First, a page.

Films of the week: Morris's seriously funny comedy of errors Four Lions hits home


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Four Lions

9pm Film4

(Chris Morris, 2010) At once a very funny and very serious comedy, Chris Morris's film debut is about the idiotic misadventures of a hapless English jihadist terrorist cell. The script's surrealist invective and laugh-out-loud gags disguise the rigour and subtlety with which it probes the illogic of extremism. But perhaps most daringly, the film also has moments of real pathos. Nigel Lindsay, Kayvan Novak and Riz Ahmed star. *****


Distant Voices, Still Lives

12.55am BBC2

(Terence Davies, 1988) The best film by the unprolific and under- appreciated British film-maker Terence Davies is grim and yet poetic; an impressionistic autobiographical piece about working-class familylife in Forties, Fifties and Sixties Liverpool, starring Pete Postlethwaite as the family's violent patriarch. Davies uses the language of cinema in a way that is entirely his own. *****



6.20pm Channel 5

(Richard Donner, 1978) "You'll believe a man can fly," promised the posters – and not just because of the landmark special effects. The film is built around a terrific performance by Christopher Reeve, not as the Man of Steel but as his fallible, incurably romantic and klutzy human alter-ego, Clark Kent. Margot Kidder, Gene Hackman and Marlon Brando also play their parts, and the whole story is told with skill. *****


A Mighty Heart

1.50am Film4

(Michael Winterbottom, 2007) Angelina Jolie stars as Mariane Pearl, the pregnant-at-the-time wife of the US journalist Daniel Pearl, who was kidnapped and killed by members of al-Qa'ida in Karachi in 2002. Filmed in an immersive docu-drama style, A Mighty Heart seems urgent and contemporary. But it is also pure classical tragedy, with Jolie's keening difficult to bear, yet cathartic. ****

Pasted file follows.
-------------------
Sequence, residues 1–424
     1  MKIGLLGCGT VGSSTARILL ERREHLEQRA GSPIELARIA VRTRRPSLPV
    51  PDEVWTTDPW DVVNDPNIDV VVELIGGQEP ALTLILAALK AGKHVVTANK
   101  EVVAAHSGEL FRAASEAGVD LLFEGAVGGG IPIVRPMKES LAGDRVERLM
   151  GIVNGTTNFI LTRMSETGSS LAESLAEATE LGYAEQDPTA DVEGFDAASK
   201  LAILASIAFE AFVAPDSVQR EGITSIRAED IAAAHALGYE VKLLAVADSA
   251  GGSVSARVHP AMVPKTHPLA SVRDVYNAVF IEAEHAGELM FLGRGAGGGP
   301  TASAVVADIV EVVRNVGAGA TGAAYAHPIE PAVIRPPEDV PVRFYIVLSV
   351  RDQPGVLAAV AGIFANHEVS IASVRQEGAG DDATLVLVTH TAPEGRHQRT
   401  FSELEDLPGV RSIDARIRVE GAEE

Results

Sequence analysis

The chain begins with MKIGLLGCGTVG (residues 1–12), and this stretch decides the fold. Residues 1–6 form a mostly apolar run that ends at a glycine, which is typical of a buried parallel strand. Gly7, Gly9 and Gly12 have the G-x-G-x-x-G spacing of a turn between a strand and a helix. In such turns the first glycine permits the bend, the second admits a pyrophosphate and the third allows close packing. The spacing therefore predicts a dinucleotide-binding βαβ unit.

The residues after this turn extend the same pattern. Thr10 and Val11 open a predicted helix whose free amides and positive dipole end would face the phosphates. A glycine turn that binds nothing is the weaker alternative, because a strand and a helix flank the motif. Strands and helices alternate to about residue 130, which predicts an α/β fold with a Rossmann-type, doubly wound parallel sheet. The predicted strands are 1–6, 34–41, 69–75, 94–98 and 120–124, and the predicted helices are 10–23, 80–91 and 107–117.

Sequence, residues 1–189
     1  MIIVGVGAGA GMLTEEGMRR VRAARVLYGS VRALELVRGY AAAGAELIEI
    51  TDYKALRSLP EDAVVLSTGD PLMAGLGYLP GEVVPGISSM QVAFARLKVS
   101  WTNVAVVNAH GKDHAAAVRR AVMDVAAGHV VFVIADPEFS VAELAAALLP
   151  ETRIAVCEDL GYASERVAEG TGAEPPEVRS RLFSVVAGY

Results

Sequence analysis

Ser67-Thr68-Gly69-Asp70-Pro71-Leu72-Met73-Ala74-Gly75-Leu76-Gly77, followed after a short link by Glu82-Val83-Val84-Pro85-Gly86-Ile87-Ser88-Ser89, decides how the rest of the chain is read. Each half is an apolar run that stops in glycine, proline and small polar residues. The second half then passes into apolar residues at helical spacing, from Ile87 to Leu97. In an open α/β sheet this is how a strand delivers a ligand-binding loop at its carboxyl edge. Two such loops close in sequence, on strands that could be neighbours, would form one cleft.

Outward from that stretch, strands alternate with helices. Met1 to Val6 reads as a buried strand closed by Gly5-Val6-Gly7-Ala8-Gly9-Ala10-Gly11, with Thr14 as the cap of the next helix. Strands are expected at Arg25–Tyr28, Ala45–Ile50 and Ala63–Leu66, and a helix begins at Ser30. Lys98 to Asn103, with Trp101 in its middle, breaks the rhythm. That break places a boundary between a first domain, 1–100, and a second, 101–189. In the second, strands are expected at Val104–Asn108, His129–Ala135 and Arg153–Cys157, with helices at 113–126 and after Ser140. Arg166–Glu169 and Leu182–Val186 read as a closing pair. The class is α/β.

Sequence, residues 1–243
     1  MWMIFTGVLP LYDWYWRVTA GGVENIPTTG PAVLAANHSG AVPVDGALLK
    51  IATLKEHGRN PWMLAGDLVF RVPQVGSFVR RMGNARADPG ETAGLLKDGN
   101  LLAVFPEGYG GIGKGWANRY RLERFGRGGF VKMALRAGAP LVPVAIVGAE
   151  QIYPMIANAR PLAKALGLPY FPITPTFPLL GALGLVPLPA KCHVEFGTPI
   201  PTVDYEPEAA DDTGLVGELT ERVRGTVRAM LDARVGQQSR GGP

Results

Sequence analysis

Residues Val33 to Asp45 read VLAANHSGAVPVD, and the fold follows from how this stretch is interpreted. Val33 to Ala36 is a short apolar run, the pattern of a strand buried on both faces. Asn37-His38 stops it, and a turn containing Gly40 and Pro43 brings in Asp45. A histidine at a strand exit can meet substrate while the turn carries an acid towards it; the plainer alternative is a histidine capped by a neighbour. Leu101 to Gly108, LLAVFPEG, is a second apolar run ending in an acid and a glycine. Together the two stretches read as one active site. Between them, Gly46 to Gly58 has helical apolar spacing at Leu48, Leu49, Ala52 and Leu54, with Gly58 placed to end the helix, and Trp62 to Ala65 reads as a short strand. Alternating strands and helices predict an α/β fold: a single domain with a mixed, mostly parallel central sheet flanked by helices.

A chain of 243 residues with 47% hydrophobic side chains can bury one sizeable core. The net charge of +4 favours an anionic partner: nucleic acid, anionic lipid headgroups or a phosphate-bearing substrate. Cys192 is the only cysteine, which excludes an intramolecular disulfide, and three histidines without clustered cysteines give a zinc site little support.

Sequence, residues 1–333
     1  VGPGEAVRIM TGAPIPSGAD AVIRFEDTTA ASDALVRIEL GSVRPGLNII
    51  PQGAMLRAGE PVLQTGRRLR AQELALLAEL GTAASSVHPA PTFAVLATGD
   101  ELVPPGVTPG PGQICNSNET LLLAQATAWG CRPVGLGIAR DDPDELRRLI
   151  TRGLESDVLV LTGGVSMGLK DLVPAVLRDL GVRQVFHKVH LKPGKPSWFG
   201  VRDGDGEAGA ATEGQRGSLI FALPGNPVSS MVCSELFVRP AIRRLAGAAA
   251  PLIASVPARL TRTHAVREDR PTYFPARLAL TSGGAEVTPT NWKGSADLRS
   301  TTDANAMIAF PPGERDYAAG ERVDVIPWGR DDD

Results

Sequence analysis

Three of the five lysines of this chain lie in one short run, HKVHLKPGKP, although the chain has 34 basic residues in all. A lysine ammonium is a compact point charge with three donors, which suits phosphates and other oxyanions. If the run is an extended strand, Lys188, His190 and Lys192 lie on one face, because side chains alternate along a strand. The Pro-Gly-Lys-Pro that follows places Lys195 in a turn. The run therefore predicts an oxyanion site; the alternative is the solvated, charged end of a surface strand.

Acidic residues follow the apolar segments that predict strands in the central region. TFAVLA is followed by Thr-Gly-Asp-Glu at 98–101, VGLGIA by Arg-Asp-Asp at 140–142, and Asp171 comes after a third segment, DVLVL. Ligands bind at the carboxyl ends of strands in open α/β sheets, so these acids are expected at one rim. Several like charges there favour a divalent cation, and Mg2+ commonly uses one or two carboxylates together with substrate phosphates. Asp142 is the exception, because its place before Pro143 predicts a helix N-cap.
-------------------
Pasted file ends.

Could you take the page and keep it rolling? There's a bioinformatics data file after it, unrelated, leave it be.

The Bad News Bears

7pm Film4

(Michael Ritchie, 1976) Walter Matthau, at his most crumpled, grouchy and hilarious best, plays the alcoholic coach of a 12-year-olds' baseball team which is unprepared for the success it has when spunky girl pitcher Tatum O'Neal joins them. A raucous family comedy (though it would probably be deemed unsuitable for children these days) it's also a satire of a certain strain of US competitiveness. ***


The Day the Earth Stood Still

1.20pm Channel 4

(Robert Wise, 1951) In this classic, atomic-era sci-fi parable, the Earth is visited by Klaatu, the Christ-like emissary of a collective of alien civilisations who wish to warn mankind to curb its destructive tendencies. Bernard Herrmann's theremin score and much of the film's imagery have achieved an iconic status, untarnished by the unwise 2008 remake. Michael Rennie and Patricia Neal star. *****



1.45pm & 8pm Sky Movies Premiere

(Ben Affleck, 2012) Ben Affleck puts in a solid performance – as both lead actor and director – in this well-judged historical thriller and winner of the 2012 Oscar for Best Film. He plays real-life CIA "exfiltration" expert Tony Mendez, whose so-harebrained-it-might- just-work idea for rescuing six diplomats during the 1979 Iran hostage crisis calls for the involvement of Hollywood. ***